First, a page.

Here has been quite a bit more blase about my charms. No money (in theory it's still a possibility, but nothing has been forthcoming yet). The admissions dean was very pleasant, but didn't have my application info at her fingertips when I introduced myself and has generally been harder to get hold of and less responsive. I mean, Here has admitted me, I think they'd be happy to have me, but I don't get this sense that they'd be so! super! excited! to have me attend that Away exudes.
But here's the thing: one of the things I started wondering today was how much my immersion in academia is skewing my reaction to Away and Here. For instance, it was so drilled into me that you should never attend graduate school without funding that I think the scholarship offer weighs more heavily in my mind that perhaps it should. (Face it, either way I'm going to go into debt; the scholarship just makes Away comparable to Here, not actually less expensive.) In my grad program, there was something of a distinction between those who had funding and those who didn't; the latter were continually scrambling for it and I think they sometimes felt considered second-class citizens in the department. I don't think the same situation holds in law school at all. Sure, scholarships are good, it's nice to feel wanted, but full-rides are rare, and the common assumption is that all will be going into debt together. Funding in my grad program meant that I got TA experience, which was seen as a bonus for future employment; law school funding doesn't provide any experience that I can't get if I pay my way. And having a scholarship is certainly no guarantee of landing in the top 10% of my class, nor does not having one mean I can't.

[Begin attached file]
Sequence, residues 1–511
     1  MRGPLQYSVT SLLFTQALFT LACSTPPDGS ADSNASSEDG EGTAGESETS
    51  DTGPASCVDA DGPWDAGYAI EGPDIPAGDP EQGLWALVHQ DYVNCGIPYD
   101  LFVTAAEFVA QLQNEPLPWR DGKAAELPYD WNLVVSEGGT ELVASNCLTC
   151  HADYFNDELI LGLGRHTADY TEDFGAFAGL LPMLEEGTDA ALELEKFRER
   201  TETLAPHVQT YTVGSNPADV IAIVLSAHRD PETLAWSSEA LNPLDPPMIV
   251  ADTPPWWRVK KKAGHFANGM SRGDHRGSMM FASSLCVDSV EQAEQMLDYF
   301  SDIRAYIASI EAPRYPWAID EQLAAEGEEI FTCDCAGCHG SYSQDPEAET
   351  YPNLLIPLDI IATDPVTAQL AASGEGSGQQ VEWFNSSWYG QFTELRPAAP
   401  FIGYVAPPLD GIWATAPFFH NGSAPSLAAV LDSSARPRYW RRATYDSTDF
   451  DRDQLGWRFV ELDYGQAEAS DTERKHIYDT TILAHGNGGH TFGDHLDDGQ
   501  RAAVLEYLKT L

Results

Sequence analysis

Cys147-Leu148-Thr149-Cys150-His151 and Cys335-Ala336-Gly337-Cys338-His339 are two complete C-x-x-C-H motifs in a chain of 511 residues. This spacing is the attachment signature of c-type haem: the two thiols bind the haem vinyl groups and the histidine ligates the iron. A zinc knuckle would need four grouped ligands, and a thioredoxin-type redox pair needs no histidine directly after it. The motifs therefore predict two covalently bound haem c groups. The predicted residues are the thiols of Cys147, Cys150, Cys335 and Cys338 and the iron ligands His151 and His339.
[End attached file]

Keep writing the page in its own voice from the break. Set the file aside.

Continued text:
I also have to remind myself that I'm not interviewing for an academic job; while a school's degree of enthusiasm is important, this isn't like trying to determine how well I'll fit in a department of 10 or 12 historians. I am going to be one of many students, and we'll all be judged by our performance, not by our pre-enrollment reputation among the admissions people. It's perhaps worth mentioning here that law school courses are all graded on a curve, and law school students are ranked by GPA. There's no "everyone pretty much gets an A," as in most Ph.D. programs. So however smart I look to admissions people now, it really won't matter once exams roll around. (I should also add that grades in first year courses are pretty much all determined by one exam at the end of the semester. Doesn't law school sound fun?) In my grad program, everyone pretty much got As, so funding (or lack thereof) helped create a sense of an academic pecking order among the students. In law school, that academic pecking order is calculated and determined for you explicitly, regardless of how you're paying for school.